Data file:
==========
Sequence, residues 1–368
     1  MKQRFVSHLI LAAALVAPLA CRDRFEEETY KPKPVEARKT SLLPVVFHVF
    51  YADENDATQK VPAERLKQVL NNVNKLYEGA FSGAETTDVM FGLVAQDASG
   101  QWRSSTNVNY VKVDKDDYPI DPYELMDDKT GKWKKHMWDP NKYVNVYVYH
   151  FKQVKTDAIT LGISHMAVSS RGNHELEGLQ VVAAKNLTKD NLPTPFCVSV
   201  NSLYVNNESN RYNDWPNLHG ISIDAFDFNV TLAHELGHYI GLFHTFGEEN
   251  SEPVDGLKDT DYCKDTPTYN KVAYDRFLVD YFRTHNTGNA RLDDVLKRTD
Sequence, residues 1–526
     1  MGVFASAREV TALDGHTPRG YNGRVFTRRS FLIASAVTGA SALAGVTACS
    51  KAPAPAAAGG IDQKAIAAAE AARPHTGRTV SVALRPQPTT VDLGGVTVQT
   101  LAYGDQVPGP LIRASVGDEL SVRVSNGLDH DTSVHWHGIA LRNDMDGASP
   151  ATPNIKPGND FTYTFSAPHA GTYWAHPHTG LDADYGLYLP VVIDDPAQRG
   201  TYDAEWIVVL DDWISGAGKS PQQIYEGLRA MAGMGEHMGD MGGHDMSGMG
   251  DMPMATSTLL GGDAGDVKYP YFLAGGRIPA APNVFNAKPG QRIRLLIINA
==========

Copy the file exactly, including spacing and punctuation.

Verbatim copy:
Sequence, residues 1–368
     1  MKQRFVSHLI LAAALVAPLA CRDRFEEETY KPKPVEARKT SLLPVVFHVF
    51  YADENDATQK VPAERLKQVL NNVNKLYEGA FSGAETTDVM FGLVAQDASG
   101  QWRSSTNVNY VKVDKDDYPI DPYELMDDKT GKWKKHMWDP NKYVNVYVYH
   151  FKQVKTDAIT LGISHMAVSS RGNHELEGLQ VVAAKNLTKD NLPTPFCVSV
   201  NSLYVNNESN RYNDWPNLHG ISIDAFDFNV TLAHELGHYI GLFHTFGEEN
   251  SEPVDGLKDT DYCKDTPTYN KVAYDRFLVD YFRTHNTGNA RLDDVLKRTD
Sequence, residues 1–526
     1  MGVFASAREV TALDGHTPRG YNGRVFTRRS FLIASAVTGA SALAGVTACS
    51  KAPAPAAAGG IDQKAIAAAE AARPHTGRTV SVALRPQPTT VDLGGVTVQT
   101  LAYGDQVPGP LIRASVGDEL SVRVSNGLDH DTSVHWHGIA LRNDMDGASP
   151  ATPNIKPGND FTYTFSAPHA GTYWAHPHTG LDADYGLYLP VVIDDPAQRG
   201  TYDAEWIVVL DDWISGAGKS PQQIYEGLRA MAGMGEHMGD MGGHDMSGMG
   251  DMPMATSTLL GGDAGDVKYP YFLAGGRIPA APNVFNAKPG QRIRLLIINA